By now, you’ve probably heard that there are a number of highly-bankable intellectual properties (Avengers, Star Wars, Jurassic Park, Mission: Impossible, James Bond, Terminator – keep in mind, that’s not even the entire iceberg) scheduled to have new installments in theaters during 2015; a handful of original properties – released within the past couple years – are going to be “franchised” next year as well.
With regard to the latter category, the list of entries arriving in 2015 include the followup to Steven Soderbergh’s male stripper dramedy, Magic Mike 2, as well as the (quasi-) jukebox musical sequel Pitch Perfect 2 – and, should things come together sooner than later, the sequel to lucrative magician action/thriller, Now You See Me. Summit’s plans to make Now You See Me 2 – as we shall call it until an official title is announced – came to light last year.
A September 2014 production start date has been reported for Now You See Me 2, meaning it’s quite possible that a 2015 date lies in its future. However, before we get ahead of ourselves, there’s the situation of the director to address – as Now You See Me helmer Louis Leterrier is preoccupied at the moment, gearing up to shoot the Sacha Baron Cohen spy comedy, Grimsby (for a Summer 2015 launch date) – and thus, won’t be available to call the shots on the Now You See Me sequel, assuming it keeps to the September start date.
The Wrap is reporting that “multiple individuals familiar with the sequel” have informed the site that Jon M. Chu is the current front-runner to direct Now You See Me 2 (Variety, likewise, is confirming that talks between Summit and Chu are underway).
Chu is fresh off directing the Jem and the Holograms live-action movie and, until further notice, remains attached to direct G.I. Joe 3; should he reach a deal for the Now You See Me followup, however, it’s possible that the next G.I. Joe installment will be made available for another filmmaker to pick up (as happened back in 2013, when Chu stepped away from the Masters of the Universe live-action movie reboot).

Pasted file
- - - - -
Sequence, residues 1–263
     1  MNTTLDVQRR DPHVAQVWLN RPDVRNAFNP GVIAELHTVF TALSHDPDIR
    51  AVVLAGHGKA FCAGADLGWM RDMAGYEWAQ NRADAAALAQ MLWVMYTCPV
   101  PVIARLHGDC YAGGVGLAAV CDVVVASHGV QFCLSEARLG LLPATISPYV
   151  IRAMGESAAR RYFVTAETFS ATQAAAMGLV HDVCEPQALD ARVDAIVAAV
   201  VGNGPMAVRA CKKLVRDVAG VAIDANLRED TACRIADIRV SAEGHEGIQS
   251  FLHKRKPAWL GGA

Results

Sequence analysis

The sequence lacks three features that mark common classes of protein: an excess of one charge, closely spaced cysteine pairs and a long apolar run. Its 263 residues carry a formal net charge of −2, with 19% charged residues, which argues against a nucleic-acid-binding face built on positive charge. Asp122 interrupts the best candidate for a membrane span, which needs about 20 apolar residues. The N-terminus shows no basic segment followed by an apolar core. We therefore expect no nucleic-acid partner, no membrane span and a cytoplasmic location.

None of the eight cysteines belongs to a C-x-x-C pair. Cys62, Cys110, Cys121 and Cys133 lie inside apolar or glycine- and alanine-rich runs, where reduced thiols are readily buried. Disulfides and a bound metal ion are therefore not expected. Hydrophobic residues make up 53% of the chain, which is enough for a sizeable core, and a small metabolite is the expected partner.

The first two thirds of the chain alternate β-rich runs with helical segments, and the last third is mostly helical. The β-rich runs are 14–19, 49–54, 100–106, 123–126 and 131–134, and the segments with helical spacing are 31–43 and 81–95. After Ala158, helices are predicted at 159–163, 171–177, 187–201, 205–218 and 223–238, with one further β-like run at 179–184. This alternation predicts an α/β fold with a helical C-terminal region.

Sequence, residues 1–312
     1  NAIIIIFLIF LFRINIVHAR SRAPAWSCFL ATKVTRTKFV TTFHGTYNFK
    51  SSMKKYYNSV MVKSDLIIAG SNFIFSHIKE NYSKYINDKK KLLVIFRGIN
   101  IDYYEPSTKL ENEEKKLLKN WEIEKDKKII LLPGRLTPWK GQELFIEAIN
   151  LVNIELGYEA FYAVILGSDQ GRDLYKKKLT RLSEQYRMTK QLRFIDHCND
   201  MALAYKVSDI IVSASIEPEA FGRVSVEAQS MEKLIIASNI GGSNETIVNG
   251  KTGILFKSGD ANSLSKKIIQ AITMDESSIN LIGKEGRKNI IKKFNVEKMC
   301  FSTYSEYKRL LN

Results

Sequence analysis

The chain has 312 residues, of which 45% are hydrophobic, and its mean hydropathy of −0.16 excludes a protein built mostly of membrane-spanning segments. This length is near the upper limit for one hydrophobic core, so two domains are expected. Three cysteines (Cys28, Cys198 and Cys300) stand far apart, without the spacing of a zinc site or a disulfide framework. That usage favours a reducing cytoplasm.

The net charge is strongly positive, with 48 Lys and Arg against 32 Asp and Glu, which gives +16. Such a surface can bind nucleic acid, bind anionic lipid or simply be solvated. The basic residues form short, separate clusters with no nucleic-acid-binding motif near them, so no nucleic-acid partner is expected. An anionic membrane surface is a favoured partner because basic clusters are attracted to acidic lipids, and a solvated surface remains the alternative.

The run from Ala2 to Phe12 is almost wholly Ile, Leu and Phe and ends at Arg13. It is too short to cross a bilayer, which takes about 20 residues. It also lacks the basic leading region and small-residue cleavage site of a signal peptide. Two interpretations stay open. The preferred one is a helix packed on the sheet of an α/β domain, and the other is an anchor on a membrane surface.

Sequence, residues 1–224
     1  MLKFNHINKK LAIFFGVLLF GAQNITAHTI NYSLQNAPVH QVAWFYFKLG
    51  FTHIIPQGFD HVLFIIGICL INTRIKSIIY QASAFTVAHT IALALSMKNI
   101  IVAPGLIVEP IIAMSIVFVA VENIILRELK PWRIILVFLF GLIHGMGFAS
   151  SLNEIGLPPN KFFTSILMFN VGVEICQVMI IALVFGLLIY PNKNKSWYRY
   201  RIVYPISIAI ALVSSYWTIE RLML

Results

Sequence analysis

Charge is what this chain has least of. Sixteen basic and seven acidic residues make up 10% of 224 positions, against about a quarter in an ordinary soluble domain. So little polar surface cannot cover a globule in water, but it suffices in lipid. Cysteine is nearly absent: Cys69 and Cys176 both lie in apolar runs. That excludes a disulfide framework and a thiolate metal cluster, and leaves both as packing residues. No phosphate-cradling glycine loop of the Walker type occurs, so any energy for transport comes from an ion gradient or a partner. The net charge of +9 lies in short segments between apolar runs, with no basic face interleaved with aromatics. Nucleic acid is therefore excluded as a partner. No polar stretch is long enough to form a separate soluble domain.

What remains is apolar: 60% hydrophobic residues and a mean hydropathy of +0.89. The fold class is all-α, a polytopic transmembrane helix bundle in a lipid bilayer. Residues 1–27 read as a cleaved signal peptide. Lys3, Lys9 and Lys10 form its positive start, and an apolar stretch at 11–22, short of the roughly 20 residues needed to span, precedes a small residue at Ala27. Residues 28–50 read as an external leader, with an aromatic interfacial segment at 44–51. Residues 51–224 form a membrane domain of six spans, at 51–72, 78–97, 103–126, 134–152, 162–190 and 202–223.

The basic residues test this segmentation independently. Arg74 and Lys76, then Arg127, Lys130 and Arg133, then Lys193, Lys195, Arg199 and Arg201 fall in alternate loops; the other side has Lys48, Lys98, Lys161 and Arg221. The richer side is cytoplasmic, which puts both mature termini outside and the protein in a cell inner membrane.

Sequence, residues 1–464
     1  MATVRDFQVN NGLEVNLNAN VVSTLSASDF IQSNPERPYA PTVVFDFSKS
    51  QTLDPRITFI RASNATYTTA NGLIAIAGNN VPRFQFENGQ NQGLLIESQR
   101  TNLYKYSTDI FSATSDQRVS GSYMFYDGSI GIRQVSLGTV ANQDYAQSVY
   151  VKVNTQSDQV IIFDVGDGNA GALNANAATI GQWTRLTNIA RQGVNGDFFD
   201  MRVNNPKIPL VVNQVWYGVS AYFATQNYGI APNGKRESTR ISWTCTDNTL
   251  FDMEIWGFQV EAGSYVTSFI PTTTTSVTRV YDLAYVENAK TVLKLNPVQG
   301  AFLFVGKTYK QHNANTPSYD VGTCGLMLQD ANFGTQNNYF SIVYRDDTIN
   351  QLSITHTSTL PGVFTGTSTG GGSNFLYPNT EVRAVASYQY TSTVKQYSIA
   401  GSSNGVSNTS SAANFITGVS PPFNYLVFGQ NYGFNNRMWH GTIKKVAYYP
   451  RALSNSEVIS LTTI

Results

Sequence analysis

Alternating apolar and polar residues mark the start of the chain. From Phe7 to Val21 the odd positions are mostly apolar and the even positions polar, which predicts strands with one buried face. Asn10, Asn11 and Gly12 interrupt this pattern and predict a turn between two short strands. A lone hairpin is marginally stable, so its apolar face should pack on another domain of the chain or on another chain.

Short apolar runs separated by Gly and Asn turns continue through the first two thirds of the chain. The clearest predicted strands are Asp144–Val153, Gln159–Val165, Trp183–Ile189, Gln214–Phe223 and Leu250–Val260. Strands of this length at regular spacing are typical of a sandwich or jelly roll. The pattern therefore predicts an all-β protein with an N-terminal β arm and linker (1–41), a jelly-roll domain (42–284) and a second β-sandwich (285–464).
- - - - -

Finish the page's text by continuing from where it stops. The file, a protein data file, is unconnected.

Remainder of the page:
Chu’s previous film work – the list includes two Step Up movies, a pair of Justin Bieber documentaries, and the G.I. Joe sequel – is, admittedly, not exactly what most people would call inspiring; that said, he is capable of not just putting together movies that are well-shined, but doing so at a relatively quick pace. That might be all that Summit is looking for in a director on the Now You See Me sequel – someone who can efficiently craft a handsome-looking film.
The strongest part of Now You See Me, arguably, was not so much the direction as it was the charismatic main cast (Jesse Eisenberg, Melanie Laurent, Mark Ruffalo, Isla Fisher, Woody Harrelson, and Dave Franco), as well as the film’s cast-and-mouse narrative – one that contained hints at a deeper mythology just begging to be explored in greater depth in the sequel. So far, it look as though all of those players should be available to work on Now You See Me 2, by the time it’s ready to start shooting.
We’re still waiting to find out whether or not the writers on the first movie – Edward Ricourt, Ed Solomon, and Boaz Yakin – are also working on Now You See Me 2; all the sequel really needs, though, is one writer who can figure out a clever way to expand on that eyebrow-raising second-to-last sequence in the first installment. So long as we have that, then Now You See Me 2 could still turn out to be another fun, polished, popcorn-munching thrill ride.
We’ll keep you posted on development for Now You See Me 2.